I honestly cannot remember a time when I did not love to read. Books have been my dearest of companions since I was a child. I have always loved stories and the characters that inhabit them, but it wasn't until I was in school that I really understood the power of words. One of my teachers read Martin Luther King's I have a Dream speech to us and I was bowled over by it. Today's poetry book explores the idea that words and the ideas they impart can really change a person. In this case a boy learns to change his mind about something, and he also starts to understand that words, either spoke or read, can build connections between people.
Hate that cat
Hate that cat
For ages 8 to 12
HarperCollins, 2008, 978-0-06-143092-3
Another school year has started and Jack is once more in Miss Stretchberry’s class and once again they are exploring poetry. Last year Jack wrote some amazing poems about his dog Sky, who was killed by a car. Miss Stretchberry asks Jack if he has any more Sky poems to share but he doesn’t. He has no more Sky poems in him, though he thinks he could write about a cat, a “crazy mean fat black cat.”
Jack mentions that his uncle Bill does not think that the poems Jack has written thus far are proper poems because they have no rhyme, a regular meter, symbols, metaphors, alliteration, onomatopoeia, and all the other things that uncle Bill thinks a poem should have. Hearing this makes Jack want to “punch” his uncle.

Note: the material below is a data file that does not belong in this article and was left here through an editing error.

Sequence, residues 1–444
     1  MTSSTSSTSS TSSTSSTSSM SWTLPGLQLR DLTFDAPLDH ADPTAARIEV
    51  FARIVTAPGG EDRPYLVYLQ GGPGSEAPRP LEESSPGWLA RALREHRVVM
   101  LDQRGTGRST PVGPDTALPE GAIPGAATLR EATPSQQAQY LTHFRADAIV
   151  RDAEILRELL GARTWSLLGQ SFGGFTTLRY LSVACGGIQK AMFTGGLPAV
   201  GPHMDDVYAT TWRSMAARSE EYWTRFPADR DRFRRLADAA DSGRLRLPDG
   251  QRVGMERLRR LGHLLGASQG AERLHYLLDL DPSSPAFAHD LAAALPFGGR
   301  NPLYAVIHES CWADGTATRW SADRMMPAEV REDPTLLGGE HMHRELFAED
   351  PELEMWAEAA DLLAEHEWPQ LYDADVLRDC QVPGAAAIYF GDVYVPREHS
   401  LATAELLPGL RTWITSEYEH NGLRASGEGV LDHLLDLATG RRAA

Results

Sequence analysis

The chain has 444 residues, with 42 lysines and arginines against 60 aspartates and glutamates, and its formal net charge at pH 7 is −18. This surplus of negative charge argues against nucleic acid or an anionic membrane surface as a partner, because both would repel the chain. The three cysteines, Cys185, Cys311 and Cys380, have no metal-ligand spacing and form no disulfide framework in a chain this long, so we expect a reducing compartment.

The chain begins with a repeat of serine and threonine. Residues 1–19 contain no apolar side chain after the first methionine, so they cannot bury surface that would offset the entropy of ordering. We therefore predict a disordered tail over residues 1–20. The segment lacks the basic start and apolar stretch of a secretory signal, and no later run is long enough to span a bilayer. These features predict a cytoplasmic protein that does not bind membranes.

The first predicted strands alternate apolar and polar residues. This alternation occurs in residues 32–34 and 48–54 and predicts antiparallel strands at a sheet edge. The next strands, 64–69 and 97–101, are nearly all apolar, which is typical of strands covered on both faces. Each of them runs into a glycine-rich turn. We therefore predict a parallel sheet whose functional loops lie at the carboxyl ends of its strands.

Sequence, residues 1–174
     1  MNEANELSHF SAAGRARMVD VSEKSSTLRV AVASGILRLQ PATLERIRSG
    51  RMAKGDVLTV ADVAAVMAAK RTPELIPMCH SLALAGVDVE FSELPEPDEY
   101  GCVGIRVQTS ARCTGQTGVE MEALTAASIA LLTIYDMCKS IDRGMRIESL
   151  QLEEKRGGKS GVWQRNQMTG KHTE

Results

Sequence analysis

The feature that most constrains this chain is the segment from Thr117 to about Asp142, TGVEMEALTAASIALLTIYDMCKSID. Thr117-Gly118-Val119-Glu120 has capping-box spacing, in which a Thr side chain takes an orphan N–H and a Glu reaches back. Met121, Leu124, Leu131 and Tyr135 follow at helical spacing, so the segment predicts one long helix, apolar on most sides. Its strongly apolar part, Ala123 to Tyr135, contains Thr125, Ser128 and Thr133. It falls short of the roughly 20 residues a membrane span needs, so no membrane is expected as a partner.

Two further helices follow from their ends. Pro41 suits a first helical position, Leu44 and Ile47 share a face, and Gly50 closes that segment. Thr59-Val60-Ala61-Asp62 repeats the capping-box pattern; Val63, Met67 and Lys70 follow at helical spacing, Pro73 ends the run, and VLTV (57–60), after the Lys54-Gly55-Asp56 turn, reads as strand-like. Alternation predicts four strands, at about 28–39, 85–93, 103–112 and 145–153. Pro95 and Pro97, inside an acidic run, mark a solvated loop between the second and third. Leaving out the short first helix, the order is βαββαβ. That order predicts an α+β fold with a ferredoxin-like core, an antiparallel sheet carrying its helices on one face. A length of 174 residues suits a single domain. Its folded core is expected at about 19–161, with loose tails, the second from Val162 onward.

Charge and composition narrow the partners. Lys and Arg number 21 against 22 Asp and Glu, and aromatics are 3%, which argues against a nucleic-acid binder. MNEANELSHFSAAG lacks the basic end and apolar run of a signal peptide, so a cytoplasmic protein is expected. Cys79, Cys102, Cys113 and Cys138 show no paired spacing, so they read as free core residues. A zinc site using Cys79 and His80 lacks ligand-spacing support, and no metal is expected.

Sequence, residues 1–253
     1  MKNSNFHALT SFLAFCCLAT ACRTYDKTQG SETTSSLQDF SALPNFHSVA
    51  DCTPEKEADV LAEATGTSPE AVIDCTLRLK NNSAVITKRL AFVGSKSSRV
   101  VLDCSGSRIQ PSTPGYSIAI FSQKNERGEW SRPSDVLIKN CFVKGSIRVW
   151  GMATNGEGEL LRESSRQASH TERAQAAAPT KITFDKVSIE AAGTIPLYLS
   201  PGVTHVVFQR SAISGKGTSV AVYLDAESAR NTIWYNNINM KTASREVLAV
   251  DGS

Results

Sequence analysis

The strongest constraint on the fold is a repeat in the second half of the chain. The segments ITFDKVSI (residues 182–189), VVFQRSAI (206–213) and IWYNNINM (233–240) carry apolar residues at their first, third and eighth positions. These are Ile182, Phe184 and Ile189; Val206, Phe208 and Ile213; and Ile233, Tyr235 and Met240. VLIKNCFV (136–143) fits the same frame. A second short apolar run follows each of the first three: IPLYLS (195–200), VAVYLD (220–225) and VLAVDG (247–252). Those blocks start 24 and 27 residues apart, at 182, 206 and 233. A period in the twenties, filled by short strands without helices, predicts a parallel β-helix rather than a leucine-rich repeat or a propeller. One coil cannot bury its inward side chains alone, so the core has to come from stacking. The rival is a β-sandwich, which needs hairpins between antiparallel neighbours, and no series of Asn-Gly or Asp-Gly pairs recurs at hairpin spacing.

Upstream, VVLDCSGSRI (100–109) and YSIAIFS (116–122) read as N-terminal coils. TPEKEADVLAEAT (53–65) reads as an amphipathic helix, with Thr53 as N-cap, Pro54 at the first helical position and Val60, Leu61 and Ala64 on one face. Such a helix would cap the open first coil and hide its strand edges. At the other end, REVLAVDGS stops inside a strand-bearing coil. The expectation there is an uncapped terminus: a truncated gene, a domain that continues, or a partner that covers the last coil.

Luckily, Miss Stretchberry has a more enlightened view of what constitutes a poem, and knowing that she is on his side makes Jack feel a lot better. Mind you, she does get her students to explore what alliteration and onomatopoeia are, and Jack starts to enjoy the process. He creates a poem in homage to one that was written by Edgar Allen Poe, and in his poem he uses lots of sound words. Exploring what onomatopoeia can do for a poem makes Jack wonder what it would be like to read a poem that is full of sound words if you could not hear. How would you perceive a yip, a squeak, and a buzz if you could not hear them?
Thanks to a cat that lives in his neighborhood, the “mean” cat, Jack does not like cats, but he does enjoy studying a poem about cats. Then Miss Stretchberry brings in her kittens, and Jack cannot help feeling that they are “fantastically funny.” He insists that he would not like one though because kittens grow into cats and cats are “creepy.” We then find out why Jack hates cats. He tried to rescue one and got clawed for his pains.
As he continues to explore poems, Jack finds out that many people like cats. Even his hero, the author Walter Dean Myers, has a soft spot for felines. In spite of himself, Jack’s anti-cat feelings begin to soften round the edges. Maybe just a little. When Jack’s parents give him a kitten for Christmas he softens completely.
As the days unfold Jack dives into exploring more and more poems. Poems about cats, of course, and poems that have stories, and sounds, and so much more. What he never expects is that the glorious words in poems will help him build a new bridge between himself and his mother; his loving mother who cannot hear words at all.
This remarkable book takes us through a young boy’s year, a year full of exploration, discovery, and new beginnings. We see as his eyes are opened to so many new possibilities as he learns to love cats, to connect with his mother in new ways, and to appreciate fully the glory of the written word.